Mosquitoes are perhaps the most dangerous animals in the world. ... They are the primary vectors for major human diseases such as yellow fever, malaria and dengue fever, which together infect hundreds of millions of humans worldwide and kill millions each year.

Omar S. Akbari, assistant professor of entomology, on why mosquitoes are so dangerous


Every culture shares common images and themes that make up the raw material of your imagination.

Sara Mednick, assistant professor of psychology, on why, when asked to think of a 'hero,' all cultures think of one that looks like Superman


Environmental conditions are creating larger populations of smaller fleas and ticks that will eat more frequently, develop more rapidly and spread more pathogens.

John Trumble, distinguished professor of entomology, on how the increasingly high temperatures are causing flea and tick populations to grow


Apple has to emphasize this is not an Apple fight but a precedent for entire tech industry on privacy.

Rami Zwick, professor of marketing and associate dean in the School of Business Administration, on the FBI-Apple feud over whether or not Apple should unlock the iPhone used by the terrorist in the San Bernardino massacre


Well, (Aedes aegypti mosquitoes) got hundreds of different types of receptors in their antennae and these receptors can detect all sorts of different chemicals that our bodies emit.

Anandasankar Ray, associate professor of entomology, on how mosquitoes sense body odors in order to figure out where they should bite


If we can see an impact on HPV prevalence just with this low vaccine uptake, then hopefully we can see an even bigger impact with cancer later on, if we get more people vaccinated.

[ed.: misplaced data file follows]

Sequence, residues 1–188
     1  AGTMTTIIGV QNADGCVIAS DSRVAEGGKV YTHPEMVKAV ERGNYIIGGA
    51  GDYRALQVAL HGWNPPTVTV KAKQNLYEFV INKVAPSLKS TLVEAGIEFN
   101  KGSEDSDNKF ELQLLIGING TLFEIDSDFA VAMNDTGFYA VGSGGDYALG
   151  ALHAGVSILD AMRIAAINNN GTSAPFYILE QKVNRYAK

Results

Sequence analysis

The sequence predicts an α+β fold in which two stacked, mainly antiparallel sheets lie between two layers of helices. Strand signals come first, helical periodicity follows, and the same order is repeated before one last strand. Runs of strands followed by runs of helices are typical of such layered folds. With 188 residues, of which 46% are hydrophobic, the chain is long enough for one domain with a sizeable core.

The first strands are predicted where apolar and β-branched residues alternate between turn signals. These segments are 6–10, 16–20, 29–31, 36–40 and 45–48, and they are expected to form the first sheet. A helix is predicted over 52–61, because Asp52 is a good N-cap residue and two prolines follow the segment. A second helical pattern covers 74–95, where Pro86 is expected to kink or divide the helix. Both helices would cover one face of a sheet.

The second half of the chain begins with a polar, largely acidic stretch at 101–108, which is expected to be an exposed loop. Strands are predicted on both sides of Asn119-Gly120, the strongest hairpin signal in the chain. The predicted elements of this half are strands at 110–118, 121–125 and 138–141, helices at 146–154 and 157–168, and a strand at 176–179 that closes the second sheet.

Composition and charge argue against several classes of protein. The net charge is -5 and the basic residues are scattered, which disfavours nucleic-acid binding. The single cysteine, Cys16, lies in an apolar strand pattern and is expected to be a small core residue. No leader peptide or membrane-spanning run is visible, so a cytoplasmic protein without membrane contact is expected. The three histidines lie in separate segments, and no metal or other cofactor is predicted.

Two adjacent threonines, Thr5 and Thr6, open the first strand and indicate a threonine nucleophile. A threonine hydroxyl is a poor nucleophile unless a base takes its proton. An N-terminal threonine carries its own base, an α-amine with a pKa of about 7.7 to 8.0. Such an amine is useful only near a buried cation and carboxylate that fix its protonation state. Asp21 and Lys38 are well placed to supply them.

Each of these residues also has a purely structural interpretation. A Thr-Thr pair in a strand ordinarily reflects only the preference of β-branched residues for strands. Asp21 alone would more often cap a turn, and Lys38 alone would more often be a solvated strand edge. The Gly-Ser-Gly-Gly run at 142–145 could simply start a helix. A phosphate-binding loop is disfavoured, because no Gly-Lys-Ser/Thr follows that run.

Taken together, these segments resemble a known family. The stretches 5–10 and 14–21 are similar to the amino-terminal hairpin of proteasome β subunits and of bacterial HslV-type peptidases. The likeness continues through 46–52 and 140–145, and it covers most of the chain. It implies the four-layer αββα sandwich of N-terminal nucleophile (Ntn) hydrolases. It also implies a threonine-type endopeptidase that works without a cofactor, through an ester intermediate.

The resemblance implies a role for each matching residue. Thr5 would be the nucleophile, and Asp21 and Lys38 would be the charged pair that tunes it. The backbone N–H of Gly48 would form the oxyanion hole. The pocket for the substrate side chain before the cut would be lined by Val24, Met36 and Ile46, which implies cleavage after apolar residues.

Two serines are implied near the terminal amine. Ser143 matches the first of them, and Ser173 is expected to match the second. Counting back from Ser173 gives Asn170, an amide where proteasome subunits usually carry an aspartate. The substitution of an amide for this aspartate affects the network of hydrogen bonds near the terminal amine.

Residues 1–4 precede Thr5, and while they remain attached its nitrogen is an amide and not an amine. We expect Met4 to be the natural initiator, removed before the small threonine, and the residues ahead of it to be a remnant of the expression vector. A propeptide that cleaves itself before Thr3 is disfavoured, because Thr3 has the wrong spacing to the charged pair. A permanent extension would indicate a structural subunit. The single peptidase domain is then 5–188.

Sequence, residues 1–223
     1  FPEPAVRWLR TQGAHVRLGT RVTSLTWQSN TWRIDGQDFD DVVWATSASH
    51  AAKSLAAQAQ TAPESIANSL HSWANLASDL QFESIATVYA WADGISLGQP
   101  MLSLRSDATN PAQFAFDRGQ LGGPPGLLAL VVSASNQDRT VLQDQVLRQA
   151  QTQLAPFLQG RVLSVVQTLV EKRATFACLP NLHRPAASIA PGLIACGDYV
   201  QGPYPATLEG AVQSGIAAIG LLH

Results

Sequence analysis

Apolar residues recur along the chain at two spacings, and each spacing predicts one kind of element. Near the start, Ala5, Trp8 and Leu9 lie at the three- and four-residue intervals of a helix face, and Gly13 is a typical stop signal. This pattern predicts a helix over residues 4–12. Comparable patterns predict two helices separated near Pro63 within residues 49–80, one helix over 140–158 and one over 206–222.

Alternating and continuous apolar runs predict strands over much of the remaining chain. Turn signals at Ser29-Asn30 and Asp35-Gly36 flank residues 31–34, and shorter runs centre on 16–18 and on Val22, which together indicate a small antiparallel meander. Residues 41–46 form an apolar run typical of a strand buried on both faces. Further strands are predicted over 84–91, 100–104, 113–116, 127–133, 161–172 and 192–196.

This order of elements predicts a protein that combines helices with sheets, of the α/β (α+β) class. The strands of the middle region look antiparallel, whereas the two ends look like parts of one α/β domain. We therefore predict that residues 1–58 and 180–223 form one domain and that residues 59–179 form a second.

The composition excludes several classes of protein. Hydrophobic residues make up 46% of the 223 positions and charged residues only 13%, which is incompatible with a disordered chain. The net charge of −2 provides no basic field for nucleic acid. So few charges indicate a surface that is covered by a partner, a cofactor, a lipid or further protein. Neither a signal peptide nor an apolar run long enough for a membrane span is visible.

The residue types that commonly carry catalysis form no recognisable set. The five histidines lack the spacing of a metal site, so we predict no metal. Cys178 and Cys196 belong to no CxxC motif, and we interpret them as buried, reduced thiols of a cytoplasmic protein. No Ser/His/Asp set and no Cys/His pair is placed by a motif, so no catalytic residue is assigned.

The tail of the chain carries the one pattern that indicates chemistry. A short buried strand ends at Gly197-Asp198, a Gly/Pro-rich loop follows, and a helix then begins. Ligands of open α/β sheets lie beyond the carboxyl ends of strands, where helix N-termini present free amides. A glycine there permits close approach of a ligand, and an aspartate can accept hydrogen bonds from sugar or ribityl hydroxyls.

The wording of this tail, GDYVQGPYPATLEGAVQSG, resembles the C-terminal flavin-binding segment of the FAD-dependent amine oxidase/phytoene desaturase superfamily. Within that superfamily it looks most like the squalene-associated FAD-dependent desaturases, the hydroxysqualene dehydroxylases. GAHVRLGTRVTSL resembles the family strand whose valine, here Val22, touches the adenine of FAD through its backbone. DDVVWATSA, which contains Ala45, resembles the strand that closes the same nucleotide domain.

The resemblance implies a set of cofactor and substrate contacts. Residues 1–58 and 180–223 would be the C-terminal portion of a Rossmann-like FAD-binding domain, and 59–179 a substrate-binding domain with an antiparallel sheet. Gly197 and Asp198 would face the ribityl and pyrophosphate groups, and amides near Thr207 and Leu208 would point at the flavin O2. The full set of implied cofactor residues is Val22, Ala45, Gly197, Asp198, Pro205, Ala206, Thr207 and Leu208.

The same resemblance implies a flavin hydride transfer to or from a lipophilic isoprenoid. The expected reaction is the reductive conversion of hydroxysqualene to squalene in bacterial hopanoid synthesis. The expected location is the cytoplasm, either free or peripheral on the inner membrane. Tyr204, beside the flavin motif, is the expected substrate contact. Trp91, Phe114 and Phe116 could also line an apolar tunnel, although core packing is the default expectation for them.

Brandon Brown, assistant professor at the School of Medicine’s Center for Healthy Communities, on how the HPV shot has cut the rate of human papilloma virus, the most common sexually transmitted infection, by about two-thirds among young women ages 14 to 19


I feel like as a Muslim and as a Middle Easterner, we will never be part of American culture until people start making fun of us on television. So I am desperate for the day when we will have a Muslim 'All in the Family,' in which we have Middle Eastern characters who are on TV who are being poked fun at because of their culture, because of their identity, and who are poking fun at America because of the way America treats them.

Reza Aslan, professor of creative writing, on how television can transform how people see Muslims and Middle Easterners


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